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PLoS One. 2013 Dec 26;8(12):e82686. doi: 10.1371/journal.pone.0082686. eCollection 2013.

Paedomorphic facial expressions give dogs a selective advantage.

Author information

Centre for Comparative and Evolutionary Psychology, University of Portsmouth, Portsmouth, Hampshire, United Kingdom.
Department of Psychology, Freie Universität Berlin, Berlin, Germany.
Department of Physical Therapy, Duquesne University, Pittsburgh, United States of America ; Department of Anthropology, University of Pittsburgh, Pittsburgh, United States of America.
WALTHAM®, Centre for Pet Nutrition, Leicestershire, United Kingdom.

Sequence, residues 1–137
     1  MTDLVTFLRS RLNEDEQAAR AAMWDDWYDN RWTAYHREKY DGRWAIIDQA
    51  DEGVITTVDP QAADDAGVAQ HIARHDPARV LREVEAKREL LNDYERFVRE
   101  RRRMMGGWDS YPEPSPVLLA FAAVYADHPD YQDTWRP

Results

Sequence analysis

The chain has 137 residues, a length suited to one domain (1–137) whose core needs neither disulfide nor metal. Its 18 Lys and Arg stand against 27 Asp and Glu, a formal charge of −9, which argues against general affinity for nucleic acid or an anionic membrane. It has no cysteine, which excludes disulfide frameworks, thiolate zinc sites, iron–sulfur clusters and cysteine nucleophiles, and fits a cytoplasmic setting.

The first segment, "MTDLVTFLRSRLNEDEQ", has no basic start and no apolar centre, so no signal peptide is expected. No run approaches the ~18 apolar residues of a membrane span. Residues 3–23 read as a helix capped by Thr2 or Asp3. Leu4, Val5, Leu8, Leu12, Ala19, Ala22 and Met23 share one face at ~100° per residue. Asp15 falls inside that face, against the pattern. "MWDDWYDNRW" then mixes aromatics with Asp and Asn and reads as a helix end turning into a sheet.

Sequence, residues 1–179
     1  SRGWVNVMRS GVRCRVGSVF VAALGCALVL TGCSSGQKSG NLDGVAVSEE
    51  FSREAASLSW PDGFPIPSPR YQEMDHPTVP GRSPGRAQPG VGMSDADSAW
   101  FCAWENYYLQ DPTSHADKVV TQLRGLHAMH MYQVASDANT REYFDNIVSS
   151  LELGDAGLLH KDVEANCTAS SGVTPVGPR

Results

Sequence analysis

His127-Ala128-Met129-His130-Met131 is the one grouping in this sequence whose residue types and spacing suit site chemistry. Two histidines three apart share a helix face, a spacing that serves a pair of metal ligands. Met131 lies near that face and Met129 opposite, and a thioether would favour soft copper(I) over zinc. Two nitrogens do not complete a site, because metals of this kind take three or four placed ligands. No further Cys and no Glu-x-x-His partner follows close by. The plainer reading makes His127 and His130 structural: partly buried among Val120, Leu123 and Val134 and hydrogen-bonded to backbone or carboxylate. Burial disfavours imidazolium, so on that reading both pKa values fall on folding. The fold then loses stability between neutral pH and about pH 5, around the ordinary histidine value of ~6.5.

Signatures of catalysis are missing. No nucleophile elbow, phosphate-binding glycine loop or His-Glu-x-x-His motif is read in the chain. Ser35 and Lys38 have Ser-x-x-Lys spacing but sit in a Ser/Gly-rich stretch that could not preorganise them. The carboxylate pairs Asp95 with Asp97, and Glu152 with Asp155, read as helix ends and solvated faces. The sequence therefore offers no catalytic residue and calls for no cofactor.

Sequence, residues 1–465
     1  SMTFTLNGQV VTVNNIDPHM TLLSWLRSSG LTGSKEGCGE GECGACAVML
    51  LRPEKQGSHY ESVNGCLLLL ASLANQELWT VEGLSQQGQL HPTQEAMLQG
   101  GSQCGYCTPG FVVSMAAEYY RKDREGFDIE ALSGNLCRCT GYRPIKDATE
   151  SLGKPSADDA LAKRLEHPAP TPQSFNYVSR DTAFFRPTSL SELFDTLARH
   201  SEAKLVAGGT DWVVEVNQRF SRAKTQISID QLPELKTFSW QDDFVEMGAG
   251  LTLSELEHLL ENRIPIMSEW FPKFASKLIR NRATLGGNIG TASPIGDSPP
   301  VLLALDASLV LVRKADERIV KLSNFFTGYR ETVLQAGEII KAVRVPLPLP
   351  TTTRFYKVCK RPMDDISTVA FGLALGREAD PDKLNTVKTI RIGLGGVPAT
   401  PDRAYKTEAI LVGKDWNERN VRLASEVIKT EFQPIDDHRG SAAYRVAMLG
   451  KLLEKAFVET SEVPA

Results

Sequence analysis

How wolves were first domesticated is unknown. One hypothesis suggests that wolves underwent a process of self-domestication by tolerating human presence and taking advantage of scavenging possibilities. The puppy-like physical and behavioural traits seen in dogs are thought to have evolved later, as a byproduct of selection against aggression. Using speed of selection from rehoming shelters as a proxy for artificial selection, we tested whether paedomorphic features give dogs a selective advantage in their current environment. Dogs who exhibited facial expressions that enhance their neonatal appearance were preferentially selected by humans. Thus, early domestication of wolves may have occurred not only as wolf populations became tamer, but also as they exploited human preferences for paedomorphic characteristics. These findings, therefore, add to our understanding of early dog domestication as a complex co-evolutionary process.

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